Ephesians 1:11

Ephesians 1:11 In him we have obtained an inheritance, having been predestined according to the purpose of him who works all things according to the counsel of his will,

Ephesians 1:11 VEn w- kai. evklhrw,qhmen proorisqe,ntej kata. pro,qesin tou/ ta. pa,nta evnergou/ntoj kata. th.n boulh.n tou/ qelh,matoj auvtou/

This whole section of verses 1-11 focus on the plan and work of the Trinity. God carries out the election of believers in Christ. Before the foundation of the world, he chose us in Christ. He predestined us in love to receive the adoption. But this choice and predestination has been based upon nothing foreseen in us or our potential activity. We are told that this is “according to the purpose of his will” [kata. th.n euvdoki,an tou/ qelh,matoj auvtou/](v.5). “This gives the standard by which God’s actions were accomplished” (Hoehner, 198). His will is the determining factor so that it is “to the praise of His glorious grace” (eivj e;painon do,xhj th/j ca,ritoj auvtou/)—indicating the purpose or goal of God’s exercising of His will. Hoehner summarizes the section well:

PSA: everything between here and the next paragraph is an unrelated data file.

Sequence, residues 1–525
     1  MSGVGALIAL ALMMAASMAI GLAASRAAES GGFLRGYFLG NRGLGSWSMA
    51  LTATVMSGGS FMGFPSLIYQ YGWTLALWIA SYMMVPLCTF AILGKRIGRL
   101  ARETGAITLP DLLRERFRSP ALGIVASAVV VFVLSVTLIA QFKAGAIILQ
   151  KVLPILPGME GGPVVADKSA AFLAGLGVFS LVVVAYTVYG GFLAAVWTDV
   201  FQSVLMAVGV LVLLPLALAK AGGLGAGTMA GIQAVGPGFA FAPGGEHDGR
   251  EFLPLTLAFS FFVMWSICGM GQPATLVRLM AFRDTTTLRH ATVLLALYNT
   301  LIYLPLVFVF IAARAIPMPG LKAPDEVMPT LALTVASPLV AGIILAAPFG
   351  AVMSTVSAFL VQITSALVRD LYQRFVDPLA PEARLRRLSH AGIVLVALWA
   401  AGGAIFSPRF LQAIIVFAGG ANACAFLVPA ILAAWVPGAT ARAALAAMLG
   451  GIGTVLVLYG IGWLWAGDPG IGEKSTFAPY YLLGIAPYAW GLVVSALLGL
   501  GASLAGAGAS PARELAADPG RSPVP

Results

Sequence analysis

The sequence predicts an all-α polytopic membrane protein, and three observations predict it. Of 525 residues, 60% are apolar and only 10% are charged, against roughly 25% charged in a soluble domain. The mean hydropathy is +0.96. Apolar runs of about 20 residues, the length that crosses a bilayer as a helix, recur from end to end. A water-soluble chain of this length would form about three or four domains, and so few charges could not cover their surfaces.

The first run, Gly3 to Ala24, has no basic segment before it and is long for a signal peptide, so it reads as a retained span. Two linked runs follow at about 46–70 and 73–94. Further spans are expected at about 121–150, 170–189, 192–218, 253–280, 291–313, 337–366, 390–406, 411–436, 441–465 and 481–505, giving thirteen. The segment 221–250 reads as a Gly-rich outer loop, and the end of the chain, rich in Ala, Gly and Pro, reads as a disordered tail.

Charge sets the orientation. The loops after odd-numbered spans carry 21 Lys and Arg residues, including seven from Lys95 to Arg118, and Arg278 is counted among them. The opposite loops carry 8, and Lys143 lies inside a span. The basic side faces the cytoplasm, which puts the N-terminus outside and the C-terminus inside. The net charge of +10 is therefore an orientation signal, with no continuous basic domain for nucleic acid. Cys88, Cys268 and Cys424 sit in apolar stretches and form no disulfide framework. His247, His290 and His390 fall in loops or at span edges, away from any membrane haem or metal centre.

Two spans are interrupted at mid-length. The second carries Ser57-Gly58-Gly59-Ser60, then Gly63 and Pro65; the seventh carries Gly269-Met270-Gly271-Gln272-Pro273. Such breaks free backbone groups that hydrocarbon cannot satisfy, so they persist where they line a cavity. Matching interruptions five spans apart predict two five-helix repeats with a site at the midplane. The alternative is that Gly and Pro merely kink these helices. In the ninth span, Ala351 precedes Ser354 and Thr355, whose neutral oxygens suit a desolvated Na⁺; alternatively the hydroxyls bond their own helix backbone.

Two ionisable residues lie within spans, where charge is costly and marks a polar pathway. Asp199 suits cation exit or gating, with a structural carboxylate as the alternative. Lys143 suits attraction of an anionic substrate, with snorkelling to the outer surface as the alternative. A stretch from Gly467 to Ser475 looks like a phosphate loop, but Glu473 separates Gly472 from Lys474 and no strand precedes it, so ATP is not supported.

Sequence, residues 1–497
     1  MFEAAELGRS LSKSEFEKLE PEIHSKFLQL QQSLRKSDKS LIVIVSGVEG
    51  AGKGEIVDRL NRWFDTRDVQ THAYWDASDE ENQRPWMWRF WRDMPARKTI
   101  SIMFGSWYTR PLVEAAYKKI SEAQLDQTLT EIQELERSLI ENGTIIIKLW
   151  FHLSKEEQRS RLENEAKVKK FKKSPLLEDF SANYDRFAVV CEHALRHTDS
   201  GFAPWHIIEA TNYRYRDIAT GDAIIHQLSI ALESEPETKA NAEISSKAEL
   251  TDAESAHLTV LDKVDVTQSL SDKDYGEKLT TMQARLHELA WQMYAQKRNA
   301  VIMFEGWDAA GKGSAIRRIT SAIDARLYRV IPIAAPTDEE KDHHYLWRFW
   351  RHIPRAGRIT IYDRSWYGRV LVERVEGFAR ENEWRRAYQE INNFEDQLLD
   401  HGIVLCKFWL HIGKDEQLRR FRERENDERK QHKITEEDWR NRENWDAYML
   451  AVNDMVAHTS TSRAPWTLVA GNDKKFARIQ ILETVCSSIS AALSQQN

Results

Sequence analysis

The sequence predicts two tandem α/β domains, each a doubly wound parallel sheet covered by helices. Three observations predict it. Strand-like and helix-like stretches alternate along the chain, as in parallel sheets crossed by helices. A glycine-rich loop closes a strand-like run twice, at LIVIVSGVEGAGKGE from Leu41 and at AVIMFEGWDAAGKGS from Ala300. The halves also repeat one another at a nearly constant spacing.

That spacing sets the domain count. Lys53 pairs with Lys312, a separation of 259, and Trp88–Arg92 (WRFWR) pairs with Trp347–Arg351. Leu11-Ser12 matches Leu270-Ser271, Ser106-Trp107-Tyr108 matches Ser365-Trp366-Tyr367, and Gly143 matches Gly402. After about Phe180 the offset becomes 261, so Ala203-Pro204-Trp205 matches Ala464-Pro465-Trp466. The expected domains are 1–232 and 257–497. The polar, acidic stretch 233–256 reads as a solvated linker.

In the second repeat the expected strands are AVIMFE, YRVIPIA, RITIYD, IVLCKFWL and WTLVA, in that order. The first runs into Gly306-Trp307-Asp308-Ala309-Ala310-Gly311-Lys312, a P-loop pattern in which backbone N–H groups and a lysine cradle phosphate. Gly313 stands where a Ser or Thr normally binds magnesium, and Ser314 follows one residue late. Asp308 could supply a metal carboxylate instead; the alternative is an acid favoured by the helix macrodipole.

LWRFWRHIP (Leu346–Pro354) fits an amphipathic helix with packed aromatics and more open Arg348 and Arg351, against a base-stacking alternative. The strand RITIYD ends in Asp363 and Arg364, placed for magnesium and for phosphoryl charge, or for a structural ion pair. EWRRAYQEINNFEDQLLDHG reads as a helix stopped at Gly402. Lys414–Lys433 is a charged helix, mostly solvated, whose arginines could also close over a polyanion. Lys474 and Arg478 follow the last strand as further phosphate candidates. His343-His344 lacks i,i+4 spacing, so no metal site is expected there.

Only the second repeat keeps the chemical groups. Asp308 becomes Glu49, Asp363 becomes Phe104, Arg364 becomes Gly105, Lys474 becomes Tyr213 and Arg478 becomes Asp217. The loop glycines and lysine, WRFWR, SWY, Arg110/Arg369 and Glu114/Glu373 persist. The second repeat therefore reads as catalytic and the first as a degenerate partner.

“He accomplished this through (diav) his Son Jesus Christ to bring us to (eJiV) God himself. This was done according to (katav) to his pleasure freely operating from his own will. Because he has predestined us, he chose us out of all humanity. These actions are not only the basis of every spiritual blessing but also are the spiritual blessing themselves. It is any wonder that God is to be praised.” (Hoehner, 199)

We find out in vv. 7-9, that we have redemption in him (Christ) and the forgiveness of sins. He has lavished this grace on us making known this mystery of his will “according to His purpose”. Again the revealing of His will to us in redemption is according to His plan. Understanding this mystery of the gospel is part and parcel of our salvation. Then Paul states:

Ephesians 1:10 10 eivj oivkonomi,an tou/ plhrw,matoj tw/n kairw/n( avnakefalaiw,sasqai ta. pa,nta evn tw/ Cristw/( ta. evpi. toi/j ouvranoi/j kai. ta. evpi. th/j gh/j evn auvtw/Å

Ephesians 1:10 as a plan for the fullness of time, to unite all things in him, things in heaven and things on earth

“all things” here refers not just to believers but all things in heaven and on earth. To limit it to believer adds a thought to the text that is not explicitly there. 

This is further proven by Paul’s use of “all things” elsewhere:
Colossians 1:16 For by him all things were created, in heaven and on earth, visible and invisible, whether thrones or dominions or rulers or authorities - all things were created through him and for him.

Colossians 1:17 And he is before all things, and in him all things hold together.

Colossians 1:20 and through him to reconcile to himself all things, whether on earth or in heaven, making peace by the blood of his cross.